He asked about her Flanagan grandparents: "Grandma did most of the farm work, milking and things like that. Later she had to sleep sitting up. She wasn't able to work. I remember combing her hair as she sat in bed." Aunt Mabel was describing her grandmother Mary Mongan Flanagan when she was sick and near the end of her life. She died a short time later.

The obituary in the Oshkosh Northwestern states this of Mary Mongan Flanagan: "Her death was due to enlargement of the heart, and for several weeks she suffered the most intense pain, which was borne with surprising patience and fortitude. Mr. and Mrs. Flanagan had been married about half a century, nearly all of which time was spent in the place where she died. Deceased was dutiful, self-sacrificing wife and mother, a kind and generous neighbor and friend, always adhering conscientiously to her Christian ideas and practicing the same. Let us hope that she has already received the reward of the 'good and faithful servant.'"

Aunt Mabel: "Grandpa Flanagan didn't do anything. I never saw him doing much of any work. Grandpa got other people to do it." (It must be pointed out that John Flanagan was at least seventy years of age at the time of Aunt Mabel's childhood memories.) Continuing she relates that "women did things like milking cows, doing all those things at home in Ireland while men went out and made the money. Women, they figured the man had to work to get the money and womenfolk did the work around the house."

She says of Patrick, her dad: "He was a farmer and cheesemaker. My mother (Julissa Tritt Flanagan) made most of the cheese. She was the best cheesemaker in the part of this country according to some of the other cheesemakers. Father was gone a lot. He had to get cheese supplies, get cheese boxes, go to meetings to sell the cheese and go to meetings to learn about the way they wanted it." (She may be referring to meetings conducted by the state to learn about state guidelines, and regulations governing the cheese industry. The cheese industry in Wisconsin had actually got its start during the Civil War and was now a burgeoning business for many farmers in the state.)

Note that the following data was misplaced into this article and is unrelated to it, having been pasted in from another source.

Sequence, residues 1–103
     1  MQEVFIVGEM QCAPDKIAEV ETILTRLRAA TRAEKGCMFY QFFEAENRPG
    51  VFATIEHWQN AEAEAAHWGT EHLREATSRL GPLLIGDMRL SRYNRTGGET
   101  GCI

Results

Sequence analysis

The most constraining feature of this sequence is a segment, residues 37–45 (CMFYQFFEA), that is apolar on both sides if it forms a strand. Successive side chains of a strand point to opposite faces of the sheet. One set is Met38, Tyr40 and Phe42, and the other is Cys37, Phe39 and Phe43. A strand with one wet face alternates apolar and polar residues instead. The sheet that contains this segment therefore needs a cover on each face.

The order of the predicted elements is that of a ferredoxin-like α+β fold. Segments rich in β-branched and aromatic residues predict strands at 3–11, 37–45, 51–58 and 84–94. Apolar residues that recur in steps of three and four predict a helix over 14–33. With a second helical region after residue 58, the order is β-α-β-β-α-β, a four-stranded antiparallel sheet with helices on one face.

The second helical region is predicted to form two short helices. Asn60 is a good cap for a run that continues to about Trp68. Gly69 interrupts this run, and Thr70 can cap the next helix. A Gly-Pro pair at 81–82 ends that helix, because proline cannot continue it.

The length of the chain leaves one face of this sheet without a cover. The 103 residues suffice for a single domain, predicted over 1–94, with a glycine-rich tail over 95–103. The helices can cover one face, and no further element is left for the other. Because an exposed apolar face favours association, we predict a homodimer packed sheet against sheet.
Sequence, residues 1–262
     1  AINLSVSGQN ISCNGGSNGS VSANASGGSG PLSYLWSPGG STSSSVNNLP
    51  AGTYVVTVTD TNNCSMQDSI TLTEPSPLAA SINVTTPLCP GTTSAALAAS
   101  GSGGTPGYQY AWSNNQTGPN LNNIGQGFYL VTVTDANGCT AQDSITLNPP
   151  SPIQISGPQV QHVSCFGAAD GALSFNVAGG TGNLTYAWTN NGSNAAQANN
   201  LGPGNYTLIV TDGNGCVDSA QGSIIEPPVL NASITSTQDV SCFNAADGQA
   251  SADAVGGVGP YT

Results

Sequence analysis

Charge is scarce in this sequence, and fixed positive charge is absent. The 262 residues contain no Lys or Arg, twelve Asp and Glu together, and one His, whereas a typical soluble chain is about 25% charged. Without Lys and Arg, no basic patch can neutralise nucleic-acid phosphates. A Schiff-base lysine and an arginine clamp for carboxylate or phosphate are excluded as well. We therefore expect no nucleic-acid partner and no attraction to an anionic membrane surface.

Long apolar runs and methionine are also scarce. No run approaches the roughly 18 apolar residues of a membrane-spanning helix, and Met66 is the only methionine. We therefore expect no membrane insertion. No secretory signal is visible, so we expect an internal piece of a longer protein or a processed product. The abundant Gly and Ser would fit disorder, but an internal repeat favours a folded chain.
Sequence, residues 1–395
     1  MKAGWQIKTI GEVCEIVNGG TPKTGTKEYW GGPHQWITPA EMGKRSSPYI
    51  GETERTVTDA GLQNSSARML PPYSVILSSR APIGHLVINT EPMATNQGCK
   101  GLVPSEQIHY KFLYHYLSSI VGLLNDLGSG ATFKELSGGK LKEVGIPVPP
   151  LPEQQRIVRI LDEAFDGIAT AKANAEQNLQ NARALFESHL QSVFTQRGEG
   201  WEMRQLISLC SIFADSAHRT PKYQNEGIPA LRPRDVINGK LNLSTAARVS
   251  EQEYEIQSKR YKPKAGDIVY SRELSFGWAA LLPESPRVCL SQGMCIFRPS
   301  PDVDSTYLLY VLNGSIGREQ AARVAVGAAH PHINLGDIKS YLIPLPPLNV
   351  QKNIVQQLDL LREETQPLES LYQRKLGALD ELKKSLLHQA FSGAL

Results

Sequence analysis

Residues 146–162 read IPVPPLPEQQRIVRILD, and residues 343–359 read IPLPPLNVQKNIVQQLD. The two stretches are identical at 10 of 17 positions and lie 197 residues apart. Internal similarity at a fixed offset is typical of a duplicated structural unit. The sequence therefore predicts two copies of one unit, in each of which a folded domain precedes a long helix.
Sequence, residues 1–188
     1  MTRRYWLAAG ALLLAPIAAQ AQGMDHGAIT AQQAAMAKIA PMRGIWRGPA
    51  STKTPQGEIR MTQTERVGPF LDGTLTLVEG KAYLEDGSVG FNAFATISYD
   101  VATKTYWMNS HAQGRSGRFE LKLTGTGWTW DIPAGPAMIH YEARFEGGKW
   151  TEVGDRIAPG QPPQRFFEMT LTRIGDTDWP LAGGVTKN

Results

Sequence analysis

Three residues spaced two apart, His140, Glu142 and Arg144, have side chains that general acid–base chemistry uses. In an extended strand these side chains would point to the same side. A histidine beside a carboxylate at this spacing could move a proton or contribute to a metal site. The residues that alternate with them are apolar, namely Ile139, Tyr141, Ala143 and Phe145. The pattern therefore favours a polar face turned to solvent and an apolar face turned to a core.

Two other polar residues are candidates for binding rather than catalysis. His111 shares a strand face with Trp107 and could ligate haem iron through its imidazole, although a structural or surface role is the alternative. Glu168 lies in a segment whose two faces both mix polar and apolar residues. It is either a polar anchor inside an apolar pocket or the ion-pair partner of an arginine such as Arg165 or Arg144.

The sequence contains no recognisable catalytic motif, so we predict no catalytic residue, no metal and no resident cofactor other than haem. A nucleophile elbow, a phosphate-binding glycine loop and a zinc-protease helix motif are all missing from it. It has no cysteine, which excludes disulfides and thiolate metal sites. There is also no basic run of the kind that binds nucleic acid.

It was clear that Aunt Mabel thought highly of her mother although she said few things about her. Her mind didn't seem sharply focused at this point. When sidetracked with a different question the conversation never returned to her mother. But she did say: "She got along with neighbors, got along with everybody, helped take care of neighbors when they were sick."

My great grandmother Julissa Tritt Flanagan was the ninth child and fifth daughter born to William and Julissa Hubbard Tritt. She was born the year her dad volunteered to serve in the American Civil War. When she married Patrick Flanagan, an upwind neighbor in 1881, her parents, as they did for each of their children, presented them with a ninety acre farm. They were married at St. Thomas church, the Catholic parish in the Town of Poygan.

Sometime after, perhaps years, the story is told, the parish priest came to the house and requested $150 in payment for support of the church. My great grandfather told the priest that his land was still money poor, that he could not come up with that amount, but did offer a lesser sum which the priest refused. Instead, the priest insisted that he had a catholic duty to pay the amount the church had arrived at. Additional pleadings by Patrick fell on deaf ears. Tempers must have flown, the Irish temperament must have taken hold, neither side would budge. My great grandfather asked the priest to leave. Patrick never again set foot in a Catholic church.